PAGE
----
Obviously, completely destroying these sections would cause lots of problems for the site. And so, it's allowing those pictures to remain, indefinitely. Imgur says it has divided itself into two services (which, as a user, are close to indistinguishable unless you are specifically interested in the distinction), "image hosting" and "community."

"The image hosting side of things is governed by our terms of service, which doesn't prohibit NSFW. That service is used primarily for hosting content and sharing it in other places, though we do make it easy to see all of that content in one place on Imgur if you seek it out," Masek said. "When users navigate directly to imgur.com/r/gonewild they are seeking out and opting-in to the mature content. This is a very different behavior from those browsing the public gallery and engaging with the community."

That explanation makes sense, and I suppose the company is well within its rights to make such a distinction. When uploading a photo, users are asked to select whether they want it to go into the "gallery" or not, which is where Imgur has some of the strictest moderation rules of any major social media site.

In its community, the site takes a pretty broad view of what constitutes NSFW content:

It also bans hate speech and abusive content (including racism, sexism, and personal attacks). It's early days of this latest crackdown, but those rules are much stricter than Reddit's, and it shows that Imgur may be attempting to become something like the all-inclusive community that Reddit is striving to be.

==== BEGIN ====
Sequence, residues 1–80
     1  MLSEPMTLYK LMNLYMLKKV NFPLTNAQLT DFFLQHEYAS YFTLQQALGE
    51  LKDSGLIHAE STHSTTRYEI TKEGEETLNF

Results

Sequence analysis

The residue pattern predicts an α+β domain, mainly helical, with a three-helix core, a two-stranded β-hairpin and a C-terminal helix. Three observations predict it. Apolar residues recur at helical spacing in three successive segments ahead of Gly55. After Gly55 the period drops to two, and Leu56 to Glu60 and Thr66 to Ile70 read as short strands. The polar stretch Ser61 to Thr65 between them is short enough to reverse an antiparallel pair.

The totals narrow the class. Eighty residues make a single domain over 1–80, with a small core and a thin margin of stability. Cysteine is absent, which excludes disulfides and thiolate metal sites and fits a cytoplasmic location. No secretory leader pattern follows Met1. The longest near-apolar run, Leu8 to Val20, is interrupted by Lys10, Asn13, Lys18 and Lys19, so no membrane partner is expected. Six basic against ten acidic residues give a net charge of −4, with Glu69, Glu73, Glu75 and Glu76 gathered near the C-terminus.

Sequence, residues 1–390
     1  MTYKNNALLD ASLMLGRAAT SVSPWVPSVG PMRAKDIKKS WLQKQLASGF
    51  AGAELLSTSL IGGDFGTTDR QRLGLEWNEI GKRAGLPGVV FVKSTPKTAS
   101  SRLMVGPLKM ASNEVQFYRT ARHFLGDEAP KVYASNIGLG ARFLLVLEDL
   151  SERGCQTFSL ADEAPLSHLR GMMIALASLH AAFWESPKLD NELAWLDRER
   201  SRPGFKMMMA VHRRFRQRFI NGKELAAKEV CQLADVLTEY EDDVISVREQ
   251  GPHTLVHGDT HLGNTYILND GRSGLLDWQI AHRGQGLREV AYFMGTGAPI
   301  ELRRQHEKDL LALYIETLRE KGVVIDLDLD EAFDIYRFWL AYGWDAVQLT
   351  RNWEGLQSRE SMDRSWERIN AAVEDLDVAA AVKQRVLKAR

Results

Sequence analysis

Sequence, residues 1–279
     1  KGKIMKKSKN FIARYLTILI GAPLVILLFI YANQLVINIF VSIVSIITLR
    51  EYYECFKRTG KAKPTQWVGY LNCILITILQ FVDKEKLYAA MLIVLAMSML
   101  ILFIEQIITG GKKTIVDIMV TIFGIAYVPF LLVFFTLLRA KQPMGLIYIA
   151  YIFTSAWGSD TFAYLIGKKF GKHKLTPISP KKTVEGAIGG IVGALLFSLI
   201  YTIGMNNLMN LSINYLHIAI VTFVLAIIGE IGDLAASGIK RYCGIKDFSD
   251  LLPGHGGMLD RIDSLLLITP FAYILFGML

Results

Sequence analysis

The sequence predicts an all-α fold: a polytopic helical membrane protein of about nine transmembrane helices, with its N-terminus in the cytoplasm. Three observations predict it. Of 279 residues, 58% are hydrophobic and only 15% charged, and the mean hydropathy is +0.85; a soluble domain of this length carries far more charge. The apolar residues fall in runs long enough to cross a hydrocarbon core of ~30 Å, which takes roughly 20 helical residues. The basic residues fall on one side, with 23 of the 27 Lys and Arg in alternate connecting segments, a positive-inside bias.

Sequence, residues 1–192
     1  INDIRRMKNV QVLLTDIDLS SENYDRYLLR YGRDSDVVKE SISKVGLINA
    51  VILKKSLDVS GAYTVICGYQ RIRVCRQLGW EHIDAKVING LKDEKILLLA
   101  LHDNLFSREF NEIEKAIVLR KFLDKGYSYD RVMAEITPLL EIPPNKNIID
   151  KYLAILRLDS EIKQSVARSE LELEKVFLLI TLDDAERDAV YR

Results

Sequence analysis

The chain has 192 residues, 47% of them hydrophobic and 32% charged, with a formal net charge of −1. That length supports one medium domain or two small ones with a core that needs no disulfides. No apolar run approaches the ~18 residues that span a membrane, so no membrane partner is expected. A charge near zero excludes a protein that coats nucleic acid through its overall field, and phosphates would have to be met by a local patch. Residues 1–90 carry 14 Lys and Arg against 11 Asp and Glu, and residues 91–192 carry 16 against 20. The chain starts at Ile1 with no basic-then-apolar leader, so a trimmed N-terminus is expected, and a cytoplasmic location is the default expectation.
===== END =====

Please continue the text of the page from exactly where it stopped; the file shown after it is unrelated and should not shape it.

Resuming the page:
I have somewhat of a different theory: Imgur may be positioning itself as a nerdier competitor to Instagram, or at least an alternative to Instagram. The service doesn't offer anything resembling Instagram's filters, but, with the upvoting system, it does offer the potential for photos to succeed on their merits rather than existing star power or popularity, which could be enticing to some photographers.

The company also just launched an Android app that's as much focused on uploading pictures to the site as it is on exploring them. In fact, the cleanup may be directly tied to the launch of the app: The company's iPhone app is currently "tied up by Apple" (according to another representative for Imgur). Apple is notoriously protective of its app store, and it makes sense that an overabundance of NSFW content on an Imgur app home page could be the holdup. Update: Imgur's iPhone app has been approved.

I asked Masek whether or not she thought cleaning up was necessary for the company's long-term growth potential, and she said that NSFW content simply doesn't align with the company's values.

"It's not about our growth potential, it's about our vision for the community," she said. "We want Imgur to be a force for good on the Internet where people can feel welcome and wanted, and we think the community rules we established years ago ensure that's the case."